The Other (1972)

Robert Mulligan is a strange choice to direct a horror movie. He was more well-known for dramas like Summer of ’42Same Time, Next Year and To Kill A Mockinbird. This adaption of the Tom Tryon book was also scripted by the author, who was once an actor before suffering the abuse of Otto Preminger.

This is a movie that I’ve been wanting to see since reading about it in Paperbacks From Hell (writer Grady Hendrix — who created that book with Will Errickson — also wrote this great article all about Tryon), as Tryon is really the forgotten horror writer of the 1970’s.

In the summer of 1935, identical twins Holland and Niles Perry live on their family farm, but all is not well. Their father died in an accident in the apple cellar last year and their mother remains so sad that she rarely leaves her room. While the rest of the family goes about their daily lives, Niles grows closer to Ada (Uta Hagen, who may have only appeared in five films, but was an incredibly influential acting teacher and Broadway star), his Russian grandmother, who has introduced him to the great game, the Perry family’s secret gift of being able to project their mind into other beings.

The twins are pretty mischeivous, as they still play in the apple cellar where their father died. One day, they’re caught there by their cousin Rusell, who also sees that Niles is wearing the ring that was to be buried with his rather. Holland, the older of the two twins, says that the ring passes on to the oldest son, who can do whatever he wants with it. He wants his brother to have it.

Their father’s brother George locks up the cellar, but Holland knows how to sneak in. And to get revenge for Russell’s snitching, he hides a pitchfork inside a haystack. The young boy jumps into it and is killed to the horror of Niles, who must now keep his brother’s secret. This behavior only gets worse when Holland causes a neighbor (Portia Nelson, one of Tryon’s lifelong friends) to have a heart attack after he menaces her with a rat.

The twins’ mother finally learns what is happening and finds the ring inside a tobacco tin, along with a human finger. She demands that Niles tell her how he got it. He says that Holland gave it to him and the evil brother charhes his mother, knocking her down the stairs, rendering her paralyzed.

After the neighbor’s body is found, Ada finds Holland’s harmonica and asks Niles what happened. He lets her know that his brother has been evil all summer. Here’s where the twist comes in — Holland has been dead since he fell down a well on their birthday last March. Right before he died, Niles used the great game to talk to his dead brother, who commanded him to open his coffin, cut off his finger and take the ring.

The old woman now realizes that Niles has kept his brother alive in his mind and has been responsible for everything bad that has happened. Yet she is unable to turn on him and keeps his secret, as long as he never plays the game again.

The only problem is that Niles can’t be stopped. When his sister gives birth to a baby girl (look for a young John Ritter as their father) the Holland side of his personality steals the baby as he is fascinated by the Lindbergh kidnapping. The child is discovered drowned and a mentally challenged farmhand is arrested for the murder. But Ada knows better. She demands that Niles — alone in the apple cellar — screaming for Holland to tell him where the baby — who he loved — went. Ada pours kerosene into the cellar to kill the boy and throws herself into the fire.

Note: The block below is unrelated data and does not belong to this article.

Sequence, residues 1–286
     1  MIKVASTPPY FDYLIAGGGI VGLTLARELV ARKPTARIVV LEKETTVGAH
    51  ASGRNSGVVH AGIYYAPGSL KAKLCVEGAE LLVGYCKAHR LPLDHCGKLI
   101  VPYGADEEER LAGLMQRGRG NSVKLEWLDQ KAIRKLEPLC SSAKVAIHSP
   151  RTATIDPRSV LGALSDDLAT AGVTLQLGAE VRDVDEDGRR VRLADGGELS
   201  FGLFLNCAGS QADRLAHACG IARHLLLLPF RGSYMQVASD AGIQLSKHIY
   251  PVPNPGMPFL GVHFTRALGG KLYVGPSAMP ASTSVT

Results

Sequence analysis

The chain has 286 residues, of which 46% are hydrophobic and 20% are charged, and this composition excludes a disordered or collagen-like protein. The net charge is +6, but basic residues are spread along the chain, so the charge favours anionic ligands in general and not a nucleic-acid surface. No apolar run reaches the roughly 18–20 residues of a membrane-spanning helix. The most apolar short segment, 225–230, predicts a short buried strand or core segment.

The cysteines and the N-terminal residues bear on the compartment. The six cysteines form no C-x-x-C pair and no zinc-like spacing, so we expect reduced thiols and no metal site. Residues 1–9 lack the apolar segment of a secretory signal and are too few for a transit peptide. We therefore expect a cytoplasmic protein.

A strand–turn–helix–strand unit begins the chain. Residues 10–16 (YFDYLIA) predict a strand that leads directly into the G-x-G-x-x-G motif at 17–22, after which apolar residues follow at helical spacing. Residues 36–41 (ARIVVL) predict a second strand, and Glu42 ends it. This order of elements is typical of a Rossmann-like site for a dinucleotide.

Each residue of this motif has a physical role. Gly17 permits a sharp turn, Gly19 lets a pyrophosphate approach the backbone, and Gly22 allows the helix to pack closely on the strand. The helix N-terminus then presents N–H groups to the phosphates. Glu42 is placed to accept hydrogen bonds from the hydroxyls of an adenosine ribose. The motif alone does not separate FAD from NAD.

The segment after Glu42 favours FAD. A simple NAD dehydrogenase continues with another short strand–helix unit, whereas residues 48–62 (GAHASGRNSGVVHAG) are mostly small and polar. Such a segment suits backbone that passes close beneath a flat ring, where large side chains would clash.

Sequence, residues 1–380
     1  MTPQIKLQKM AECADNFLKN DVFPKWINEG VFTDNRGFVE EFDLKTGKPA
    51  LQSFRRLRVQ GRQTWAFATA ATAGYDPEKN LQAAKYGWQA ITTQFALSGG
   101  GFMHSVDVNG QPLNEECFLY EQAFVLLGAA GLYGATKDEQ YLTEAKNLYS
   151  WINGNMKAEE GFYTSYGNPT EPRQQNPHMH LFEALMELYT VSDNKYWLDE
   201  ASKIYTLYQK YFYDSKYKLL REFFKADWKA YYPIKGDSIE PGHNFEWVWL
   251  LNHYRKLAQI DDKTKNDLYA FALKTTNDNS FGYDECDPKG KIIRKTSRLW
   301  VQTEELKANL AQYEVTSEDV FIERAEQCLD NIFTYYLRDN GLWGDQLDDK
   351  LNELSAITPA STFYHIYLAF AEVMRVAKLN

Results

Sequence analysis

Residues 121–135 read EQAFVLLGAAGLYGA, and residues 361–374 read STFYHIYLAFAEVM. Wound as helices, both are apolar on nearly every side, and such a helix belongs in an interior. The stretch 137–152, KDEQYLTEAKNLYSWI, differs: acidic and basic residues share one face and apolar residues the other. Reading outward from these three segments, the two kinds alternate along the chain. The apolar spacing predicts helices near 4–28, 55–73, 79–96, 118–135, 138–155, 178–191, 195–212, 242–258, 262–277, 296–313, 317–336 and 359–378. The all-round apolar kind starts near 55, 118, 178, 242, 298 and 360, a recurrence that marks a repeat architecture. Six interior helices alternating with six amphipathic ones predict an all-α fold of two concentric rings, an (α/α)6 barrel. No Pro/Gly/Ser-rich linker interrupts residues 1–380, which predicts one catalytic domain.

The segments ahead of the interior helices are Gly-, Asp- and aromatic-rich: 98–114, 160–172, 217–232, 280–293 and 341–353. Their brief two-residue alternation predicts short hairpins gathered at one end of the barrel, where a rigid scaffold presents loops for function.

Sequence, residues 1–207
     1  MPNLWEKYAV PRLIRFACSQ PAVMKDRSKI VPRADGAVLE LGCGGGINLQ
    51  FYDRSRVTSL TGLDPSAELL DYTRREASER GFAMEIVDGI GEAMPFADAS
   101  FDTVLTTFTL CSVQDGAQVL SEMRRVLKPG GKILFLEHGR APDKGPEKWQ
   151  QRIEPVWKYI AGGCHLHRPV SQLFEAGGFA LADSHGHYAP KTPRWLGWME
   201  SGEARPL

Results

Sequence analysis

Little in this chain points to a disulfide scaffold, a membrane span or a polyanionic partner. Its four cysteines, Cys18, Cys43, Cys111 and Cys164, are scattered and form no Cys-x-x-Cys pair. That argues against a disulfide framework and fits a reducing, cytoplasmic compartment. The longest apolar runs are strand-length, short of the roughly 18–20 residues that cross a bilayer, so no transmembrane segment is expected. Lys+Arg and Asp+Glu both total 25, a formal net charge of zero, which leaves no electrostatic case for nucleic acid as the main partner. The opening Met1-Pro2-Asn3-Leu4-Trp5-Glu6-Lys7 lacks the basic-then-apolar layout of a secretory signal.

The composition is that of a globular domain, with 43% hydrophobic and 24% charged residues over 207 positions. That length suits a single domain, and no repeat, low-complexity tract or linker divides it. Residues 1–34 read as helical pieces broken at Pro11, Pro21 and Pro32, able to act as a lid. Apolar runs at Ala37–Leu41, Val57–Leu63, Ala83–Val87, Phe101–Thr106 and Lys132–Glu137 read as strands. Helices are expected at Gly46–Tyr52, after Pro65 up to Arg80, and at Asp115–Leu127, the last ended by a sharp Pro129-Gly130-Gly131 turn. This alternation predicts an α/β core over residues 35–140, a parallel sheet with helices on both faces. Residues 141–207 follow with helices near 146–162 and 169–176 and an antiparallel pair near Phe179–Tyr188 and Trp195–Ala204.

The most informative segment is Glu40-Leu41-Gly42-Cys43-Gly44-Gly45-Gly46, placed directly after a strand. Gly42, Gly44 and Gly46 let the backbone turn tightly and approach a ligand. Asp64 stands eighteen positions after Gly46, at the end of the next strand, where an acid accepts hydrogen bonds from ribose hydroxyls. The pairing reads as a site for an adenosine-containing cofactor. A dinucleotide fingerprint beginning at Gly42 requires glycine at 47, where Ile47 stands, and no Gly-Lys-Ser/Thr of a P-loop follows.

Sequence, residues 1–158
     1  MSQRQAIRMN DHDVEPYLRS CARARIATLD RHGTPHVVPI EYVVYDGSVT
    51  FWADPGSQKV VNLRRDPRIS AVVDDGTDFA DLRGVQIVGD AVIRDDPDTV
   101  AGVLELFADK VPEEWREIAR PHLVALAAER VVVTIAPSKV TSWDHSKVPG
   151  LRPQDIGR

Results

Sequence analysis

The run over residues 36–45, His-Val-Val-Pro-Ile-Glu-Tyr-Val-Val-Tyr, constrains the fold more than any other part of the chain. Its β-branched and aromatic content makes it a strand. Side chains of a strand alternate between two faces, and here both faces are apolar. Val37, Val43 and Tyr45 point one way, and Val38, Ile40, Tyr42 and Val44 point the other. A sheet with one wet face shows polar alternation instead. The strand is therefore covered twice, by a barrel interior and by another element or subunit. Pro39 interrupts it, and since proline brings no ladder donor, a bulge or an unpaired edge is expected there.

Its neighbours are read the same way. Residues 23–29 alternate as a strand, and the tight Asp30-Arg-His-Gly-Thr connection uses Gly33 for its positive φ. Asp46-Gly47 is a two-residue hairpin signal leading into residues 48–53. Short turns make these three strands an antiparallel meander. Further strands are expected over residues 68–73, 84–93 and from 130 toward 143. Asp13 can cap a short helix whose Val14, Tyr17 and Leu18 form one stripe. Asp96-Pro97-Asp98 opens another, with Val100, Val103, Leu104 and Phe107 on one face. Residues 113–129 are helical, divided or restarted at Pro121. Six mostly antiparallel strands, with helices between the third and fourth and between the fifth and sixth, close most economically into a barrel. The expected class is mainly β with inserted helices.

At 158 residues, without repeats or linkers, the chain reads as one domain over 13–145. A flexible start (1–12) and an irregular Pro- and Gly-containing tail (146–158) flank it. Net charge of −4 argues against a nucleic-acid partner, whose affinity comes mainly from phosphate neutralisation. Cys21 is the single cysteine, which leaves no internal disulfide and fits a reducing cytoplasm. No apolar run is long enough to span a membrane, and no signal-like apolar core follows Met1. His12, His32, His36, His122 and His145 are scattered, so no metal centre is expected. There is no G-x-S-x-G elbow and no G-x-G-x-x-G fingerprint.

Months later, we learn that Niles escaped, as Holland had cut the padlock to the door. With his beloved grandmother dead and his mother basically a vegetable, no one will ever know his secret. Niles is called down to lunch and life goes on.

This is how the theatrical cut ends, but the CBS 1970’s TV version, perhaps wanting the child to pay for his crimes, ends with Niles saying, “Holland, the game’s over. We can’t play the game anymore. But when the sheriff comes, I’ll ask him if we can play it in our new home.” The voiceover is dubbed by a different actor. However, every broadcast and release of the film cut out this voiceover in favor of the original theatrical ending.

Tryon hated this adaption, blaming everyone, incuding himself. “Oh, no. That broke my heart. Jesus. That was very sad,” he said of the finished film. “That picture was ruined in the cutting and the casting…God knows, it was badly cut and faultily directed. Perhaps the whole thing was the rotten screenplay, I don’t know.”

Despite a mild performance at the box office, the film ran on TV throughout the 1970’s. Roger Ebert was a major fan, saying that the film “has been criticized in some quarters because Mulligan made it too beautiful, they say, and too nostalgic. Not at all. His colors are rich and deep and dark, chocolatey browns and bloody reds; they aren’t beautiful but perverse and menacing. And the farm isn’t seen with a warm nostalgia, but with a remembrance that it is haunted.”

I looked for this film for nearly a year until Shudder played it last month, but it’s already gone from the service, back into the mists from whence it came.

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